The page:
Until now. The climate isn’t the only thing changing for some communities around the Caribbean. In Bluefields Bay, Jamaica, the community has come together with the Government to establish one of the fourteen (14) fish sanctuaries island wide. Since 2009, the community based organisation, Bluefields Bay Fishermen’s Friendly Society (BBFFS) has managed the sanctuary with enforcement, public awareness and community engagement. Many of the sanctuary Wardens are former or part-time fishers who can tell the stories of what it used to be like, and now the stories of how things are changing for the better.

Photo Credit: From left to right, Venis Bryan (BBFFS), Tripp Funderburk (CRFI), Ryan Facey (Bluefields), Barrington Henry (Bluefields), and Ken Nedimyer (CFRI) about to go on a coral recon trip. Photo by S. Lee.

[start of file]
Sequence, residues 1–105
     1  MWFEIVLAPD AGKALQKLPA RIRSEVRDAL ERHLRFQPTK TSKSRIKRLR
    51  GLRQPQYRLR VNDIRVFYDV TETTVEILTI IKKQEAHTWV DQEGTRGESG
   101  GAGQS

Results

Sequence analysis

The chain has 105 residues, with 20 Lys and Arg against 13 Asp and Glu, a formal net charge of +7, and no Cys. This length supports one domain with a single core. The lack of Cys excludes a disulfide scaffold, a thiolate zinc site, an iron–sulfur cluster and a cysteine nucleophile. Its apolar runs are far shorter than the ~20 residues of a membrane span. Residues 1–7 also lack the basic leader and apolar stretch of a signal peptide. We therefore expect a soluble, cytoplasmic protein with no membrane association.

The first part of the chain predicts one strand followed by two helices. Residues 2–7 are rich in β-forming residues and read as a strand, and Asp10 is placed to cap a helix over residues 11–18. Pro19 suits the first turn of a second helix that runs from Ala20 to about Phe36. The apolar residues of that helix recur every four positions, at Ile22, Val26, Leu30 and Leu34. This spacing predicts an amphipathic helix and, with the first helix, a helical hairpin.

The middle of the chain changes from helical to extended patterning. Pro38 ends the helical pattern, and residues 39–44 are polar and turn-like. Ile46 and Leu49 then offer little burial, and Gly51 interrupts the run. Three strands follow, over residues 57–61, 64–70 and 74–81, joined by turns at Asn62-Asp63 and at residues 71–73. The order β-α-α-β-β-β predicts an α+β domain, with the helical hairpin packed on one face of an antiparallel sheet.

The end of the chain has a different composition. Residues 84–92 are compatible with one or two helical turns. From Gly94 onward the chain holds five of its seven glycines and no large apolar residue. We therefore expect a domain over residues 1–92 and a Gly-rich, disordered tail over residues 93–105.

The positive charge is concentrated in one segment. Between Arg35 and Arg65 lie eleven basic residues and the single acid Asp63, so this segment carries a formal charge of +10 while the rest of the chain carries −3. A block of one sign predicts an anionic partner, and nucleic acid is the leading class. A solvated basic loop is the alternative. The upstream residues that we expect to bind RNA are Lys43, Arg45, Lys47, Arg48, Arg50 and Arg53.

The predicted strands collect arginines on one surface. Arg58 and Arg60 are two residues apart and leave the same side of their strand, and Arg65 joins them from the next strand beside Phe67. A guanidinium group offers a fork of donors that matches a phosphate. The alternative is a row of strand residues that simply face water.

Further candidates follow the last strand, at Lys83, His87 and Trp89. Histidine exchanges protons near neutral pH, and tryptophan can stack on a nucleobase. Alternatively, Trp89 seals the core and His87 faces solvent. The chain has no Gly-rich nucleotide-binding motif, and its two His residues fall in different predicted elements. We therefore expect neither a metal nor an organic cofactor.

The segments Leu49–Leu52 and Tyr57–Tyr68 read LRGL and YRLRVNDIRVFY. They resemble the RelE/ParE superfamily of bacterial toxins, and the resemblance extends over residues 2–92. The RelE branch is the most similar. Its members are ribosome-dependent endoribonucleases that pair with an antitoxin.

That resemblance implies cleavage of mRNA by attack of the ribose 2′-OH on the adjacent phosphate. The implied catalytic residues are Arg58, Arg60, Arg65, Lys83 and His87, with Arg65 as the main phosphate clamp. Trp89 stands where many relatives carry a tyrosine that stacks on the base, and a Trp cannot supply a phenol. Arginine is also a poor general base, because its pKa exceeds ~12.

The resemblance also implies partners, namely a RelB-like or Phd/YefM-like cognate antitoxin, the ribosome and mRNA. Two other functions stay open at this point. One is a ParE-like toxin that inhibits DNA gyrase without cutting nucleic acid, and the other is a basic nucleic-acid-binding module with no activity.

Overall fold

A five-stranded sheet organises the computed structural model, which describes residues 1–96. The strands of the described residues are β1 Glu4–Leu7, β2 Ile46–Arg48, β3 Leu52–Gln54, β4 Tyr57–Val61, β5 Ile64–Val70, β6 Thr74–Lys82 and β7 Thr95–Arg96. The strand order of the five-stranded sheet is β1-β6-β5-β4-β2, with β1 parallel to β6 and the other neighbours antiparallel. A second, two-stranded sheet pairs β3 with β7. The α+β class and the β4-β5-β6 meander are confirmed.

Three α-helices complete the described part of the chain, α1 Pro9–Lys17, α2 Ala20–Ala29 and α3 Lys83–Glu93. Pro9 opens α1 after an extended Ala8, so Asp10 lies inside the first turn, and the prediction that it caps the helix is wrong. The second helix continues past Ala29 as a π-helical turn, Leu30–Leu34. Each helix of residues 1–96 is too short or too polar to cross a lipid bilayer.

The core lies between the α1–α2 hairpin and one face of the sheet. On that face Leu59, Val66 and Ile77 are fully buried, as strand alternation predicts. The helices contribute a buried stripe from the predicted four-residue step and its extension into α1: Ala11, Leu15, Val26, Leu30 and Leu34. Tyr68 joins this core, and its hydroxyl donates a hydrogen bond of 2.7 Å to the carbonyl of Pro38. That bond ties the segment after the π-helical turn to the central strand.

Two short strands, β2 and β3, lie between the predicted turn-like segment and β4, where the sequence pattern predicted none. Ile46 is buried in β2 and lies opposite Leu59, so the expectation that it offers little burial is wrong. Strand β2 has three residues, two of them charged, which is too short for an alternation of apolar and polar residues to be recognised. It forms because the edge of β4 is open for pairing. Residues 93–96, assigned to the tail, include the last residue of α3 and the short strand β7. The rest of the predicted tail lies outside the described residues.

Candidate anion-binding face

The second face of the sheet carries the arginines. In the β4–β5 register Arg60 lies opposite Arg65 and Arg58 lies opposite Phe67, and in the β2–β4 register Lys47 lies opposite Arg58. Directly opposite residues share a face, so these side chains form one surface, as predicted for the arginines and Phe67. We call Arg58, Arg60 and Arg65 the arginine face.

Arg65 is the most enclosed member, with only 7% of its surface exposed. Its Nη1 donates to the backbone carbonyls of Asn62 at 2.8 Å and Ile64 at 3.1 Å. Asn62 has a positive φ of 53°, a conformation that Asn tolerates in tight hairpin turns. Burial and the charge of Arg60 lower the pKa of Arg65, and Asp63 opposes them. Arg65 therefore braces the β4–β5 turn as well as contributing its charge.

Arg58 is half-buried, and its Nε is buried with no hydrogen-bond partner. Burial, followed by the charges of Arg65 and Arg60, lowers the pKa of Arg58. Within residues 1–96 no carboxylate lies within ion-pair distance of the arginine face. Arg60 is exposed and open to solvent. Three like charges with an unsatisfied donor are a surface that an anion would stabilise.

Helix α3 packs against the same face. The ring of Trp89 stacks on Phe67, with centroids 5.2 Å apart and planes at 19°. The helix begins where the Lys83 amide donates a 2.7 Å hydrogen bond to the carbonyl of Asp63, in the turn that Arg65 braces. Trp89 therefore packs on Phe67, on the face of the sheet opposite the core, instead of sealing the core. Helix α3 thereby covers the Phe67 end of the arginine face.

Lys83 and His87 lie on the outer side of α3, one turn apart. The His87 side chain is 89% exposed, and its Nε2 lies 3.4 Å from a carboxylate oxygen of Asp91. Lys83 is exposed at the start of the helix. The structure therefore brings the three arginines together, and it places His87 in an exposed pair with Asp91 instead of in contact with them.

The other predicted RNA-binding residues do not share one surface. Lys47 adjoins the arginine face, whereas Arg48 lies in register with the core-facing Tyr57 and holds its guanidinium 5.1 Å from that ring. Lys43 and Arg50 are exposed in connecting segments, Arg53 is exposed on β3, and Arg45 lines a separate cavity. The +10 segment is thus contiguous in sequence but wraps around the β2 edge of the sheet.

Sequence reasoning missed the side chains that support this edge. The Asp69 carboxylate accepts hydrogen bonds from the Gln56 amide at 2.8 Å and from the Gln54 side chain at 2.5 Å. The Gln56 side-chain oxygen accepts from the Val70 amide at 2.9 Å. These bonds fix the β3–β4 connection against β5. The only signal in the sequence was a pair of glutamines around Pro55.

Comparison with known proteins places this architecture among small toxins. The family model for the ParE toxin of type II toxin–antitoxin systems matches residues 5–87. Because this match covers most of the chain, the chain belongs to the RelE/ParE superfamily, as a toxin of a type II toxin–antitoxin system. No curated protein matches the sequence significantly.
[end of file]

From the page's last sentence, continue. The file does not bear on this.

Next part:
A new chapter has started for this community – one of partnerships and growth – and one which hopefully will bring the old memories of corals back to life again. The branching species of coral – Elkhorn coral ( Acropora cervicornis) and Staghorn coral ( Acropora palmata) – which are now listed as threatened under the Endangered Species Act (ESA) have long been known to provide a good habitat for fish, and provide shoreline protection from storm surges (see reference).  They, along with the Fire coral (Millepora complanata), have more recently been used by the Coral Restoration Foundation International (CRFI) in large scale restoration projects in the region.

In early 2015, CRFI in partnership with CARIBSAVE, Sandals Foundation, the Fisheries Division and BBFFS completed the installation of a coral garden at Bluefields Bay’s – the first of its kind on Jamaica’s south coast. This was done through funding provided by National Fish and Wildlife Foundation (NFWF) and with co-funding from CARIBSAVE’s C-FISH Initiative.